Triple Centuries

Page 1 of 1
England’s Andy Sandham is the first to score a triple century in Tests. He did this in 1929-30
India will struggle to get over the opportunity they missed in the Wellington Test against New Zealand. They had taken a 246-run lead and pinned the opponents on the mat in the second innings. But New Zealand captain Brendon McCullum and wicketkeeper BJ Watling stitched together a record sixth wicket partnership of 352 to rescue their team and win the series.

McCullum, who benefitted from dropped catches by Virat Kohli and Ishant Sharma, batted more than 12 hours to score 302. This is the highest Test score by a New Zealander, and only the second triple century ever to be made in the second innings. Though the knock wasn’t chanceless, it will be rated among the great fightbacks in the sport.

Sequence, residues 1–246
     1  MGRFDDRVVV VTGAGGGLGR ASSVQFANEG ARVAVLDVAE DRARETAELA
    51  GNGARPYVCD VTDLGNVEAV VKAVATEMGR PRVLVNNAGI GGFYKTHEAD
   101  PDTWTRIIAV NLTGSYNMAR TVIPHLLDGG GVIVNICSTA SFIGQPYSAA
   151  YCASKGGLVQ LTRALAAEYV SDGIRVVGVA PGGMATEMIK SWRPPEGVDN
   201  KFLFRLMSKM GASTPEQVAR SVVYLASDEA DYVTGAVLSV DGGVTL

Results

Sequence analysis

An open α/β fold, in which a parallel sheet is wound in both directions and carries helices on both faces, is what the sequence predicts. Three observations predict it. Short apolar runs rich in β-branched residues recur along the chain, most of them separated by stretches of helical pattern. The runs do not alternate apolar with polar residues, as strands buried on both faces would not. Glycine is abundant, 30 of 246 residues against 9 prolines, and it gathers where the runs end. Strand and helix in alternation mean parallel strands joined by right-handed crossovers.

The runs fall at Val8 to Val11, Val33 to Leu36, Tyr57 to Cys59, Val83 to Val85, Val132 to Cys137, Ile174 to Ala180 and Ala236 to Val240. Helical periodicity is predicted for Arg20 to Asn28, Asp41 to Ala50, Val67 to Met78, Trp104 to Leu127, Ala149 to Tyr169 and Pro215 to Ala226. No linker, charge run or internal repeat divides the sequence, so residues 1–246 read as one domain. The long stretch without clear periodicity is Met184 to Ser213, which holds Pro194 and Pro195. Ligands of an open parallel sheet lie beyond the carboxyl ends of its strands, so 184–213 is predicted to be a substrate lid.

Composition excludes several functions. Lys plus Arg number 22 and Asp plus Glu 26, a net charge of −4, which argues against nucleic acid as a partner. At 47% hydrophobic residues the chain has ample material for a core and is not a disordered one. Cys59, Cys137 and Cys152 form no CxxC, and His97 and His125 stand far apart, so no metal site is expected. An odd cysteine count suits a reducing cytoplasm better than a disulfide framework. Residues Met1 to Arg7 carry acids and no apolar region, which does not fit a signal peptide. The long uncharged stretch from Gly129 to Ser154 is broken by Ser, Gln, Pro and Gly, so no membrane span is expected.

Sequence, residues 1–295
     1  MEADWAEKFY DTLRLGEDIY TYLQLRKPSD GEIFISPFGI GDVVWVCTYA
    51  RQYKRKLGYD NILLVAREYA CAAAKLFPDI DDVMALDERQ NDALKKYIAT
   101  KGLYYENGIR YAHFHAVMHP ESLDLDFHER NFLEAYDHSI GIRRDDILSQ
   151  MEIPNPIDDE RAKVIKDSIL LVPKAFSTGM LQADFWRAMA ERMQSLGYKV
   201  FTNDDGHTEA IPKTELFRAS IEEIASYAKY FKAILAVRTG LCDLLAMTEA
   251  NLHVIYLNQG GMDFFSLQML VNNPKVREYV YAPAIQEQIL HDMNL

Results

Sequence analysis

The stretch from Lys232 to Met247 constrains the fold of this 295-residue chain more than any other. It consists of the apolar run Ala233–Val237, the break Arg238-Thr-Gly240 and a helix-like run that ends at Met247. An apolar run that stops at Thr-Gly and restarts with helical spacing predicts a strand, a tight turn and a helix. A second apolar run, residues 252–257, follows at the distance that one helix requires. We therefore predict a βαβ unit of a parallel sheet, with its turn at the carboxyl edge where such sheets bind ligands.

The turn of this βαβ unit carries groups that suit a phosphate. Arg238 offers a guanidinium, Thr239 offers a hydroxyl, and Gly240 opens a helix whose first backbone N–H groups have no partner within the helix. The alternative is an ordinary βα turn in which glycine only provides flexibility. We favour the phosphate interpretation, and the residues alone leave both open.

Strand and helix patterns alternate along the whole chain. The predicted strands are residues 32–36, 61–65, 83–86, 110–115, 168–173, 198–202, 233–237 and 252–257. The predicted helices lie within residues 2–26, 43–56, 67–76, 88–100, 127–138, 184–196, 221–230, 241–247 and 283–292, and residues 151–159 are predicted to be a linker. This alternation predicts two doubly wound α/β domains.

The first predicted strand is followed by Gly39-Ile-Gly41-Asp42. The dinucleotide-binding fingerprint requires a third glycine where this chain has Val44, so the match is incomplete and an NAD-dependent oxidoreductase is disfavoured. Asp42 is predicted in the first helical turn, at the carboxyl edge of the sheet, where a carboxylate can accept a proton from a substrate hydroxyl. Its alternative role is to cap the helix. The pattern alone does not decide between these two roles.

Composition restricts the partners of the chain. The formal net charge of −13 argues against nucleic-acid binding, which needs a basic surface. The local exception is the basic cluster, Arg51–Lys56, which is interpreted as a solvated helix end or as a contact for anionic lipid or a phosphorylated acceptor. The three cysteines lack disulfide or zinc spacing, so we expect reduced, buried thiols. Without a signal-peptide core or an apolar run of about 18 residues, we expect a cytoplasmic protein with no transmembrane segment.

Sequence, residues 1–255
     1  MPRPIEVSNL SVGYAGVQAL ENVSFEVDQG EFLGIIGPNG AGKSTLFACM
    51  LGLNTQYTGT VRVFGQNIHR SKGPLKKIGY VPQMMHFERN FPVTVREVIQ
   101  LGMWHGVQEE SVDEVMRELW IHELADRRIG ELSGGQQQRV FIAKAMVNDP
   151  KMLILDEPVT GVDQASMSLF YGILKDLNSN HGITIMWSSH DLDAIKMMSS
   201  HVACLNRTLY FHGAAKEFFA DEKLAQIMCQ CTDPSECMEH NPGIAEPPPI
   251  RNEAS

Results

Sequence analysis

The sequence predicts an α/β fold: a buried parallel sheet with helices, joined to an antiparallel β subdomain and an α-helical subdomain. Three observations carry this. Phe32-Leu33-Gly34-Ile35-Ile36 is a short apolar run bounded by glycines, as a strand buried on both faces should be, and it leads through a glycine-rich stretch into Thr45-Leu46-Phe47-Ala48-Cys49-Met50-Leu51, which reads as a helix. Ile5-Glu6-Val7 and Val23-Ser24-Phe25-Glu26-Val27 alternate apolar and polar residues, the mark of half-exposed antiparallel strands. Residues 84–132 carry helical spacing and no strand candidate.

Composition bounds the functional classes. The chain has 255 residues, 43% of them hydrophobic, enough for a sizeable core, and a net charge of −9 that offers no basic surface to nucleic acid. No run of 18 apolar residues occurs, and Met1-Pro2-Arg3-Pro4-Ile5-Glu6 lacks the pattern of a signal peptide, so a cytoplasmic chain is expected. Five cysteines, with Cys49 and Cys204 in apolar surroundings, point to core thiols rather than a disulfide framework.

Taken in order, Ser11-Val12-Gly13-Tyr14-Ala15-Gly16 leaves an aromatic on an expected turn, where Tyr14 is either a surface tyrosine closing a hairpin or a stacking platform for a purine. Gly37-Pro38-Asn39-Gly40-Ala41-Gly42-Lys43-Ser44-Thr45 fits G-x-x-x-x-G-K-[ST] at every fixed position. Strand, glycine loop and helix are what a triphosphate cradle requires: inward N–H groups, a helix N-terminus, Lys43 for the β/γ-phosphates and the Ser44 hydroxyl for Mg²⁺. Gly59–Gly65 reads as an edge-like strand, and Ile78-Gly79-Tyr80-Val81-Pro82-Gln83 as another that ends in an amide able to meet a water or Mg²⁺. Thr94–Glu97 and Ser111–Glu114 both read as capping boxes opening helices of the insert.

McCullum became cricket’s 24th triple centurion, and his knock the 28th instance of a batsman scaling Mount 300. Only four batsmen have scored more than one triple century in Test cricket—Don Bradman, Chris Gayle, Virender Sehwag and Brian Lara. All of them reached the milestone on two occasions. Sehwag almost got a third when he made 293 against Sri Lanka in Mumbai in 2009-10.

England’s Andy Sandham was the first to score a triple century. He achieved this landmark against the West Indies in the fourth and final Test match in Kingston in the 1929-30 season. Since the tour was drawing to a close, Sandham had sold all his bats. The innings that immortalised him was actually scripted by a bat that he borrowed from his captain, Freddie Calthorpe. The statistics for some of the early triple hundreds are not available. But Sehwag’s 278-ball innings against South Africa in Chennai is widely considered the fastest triple century yet.

Scoring a 300 demands not just cricketing ability, but also a hunger for runs and the stamina to bat long. McCullum will be proud that he accomplished something that even Sachin Tendulkar couldn’t.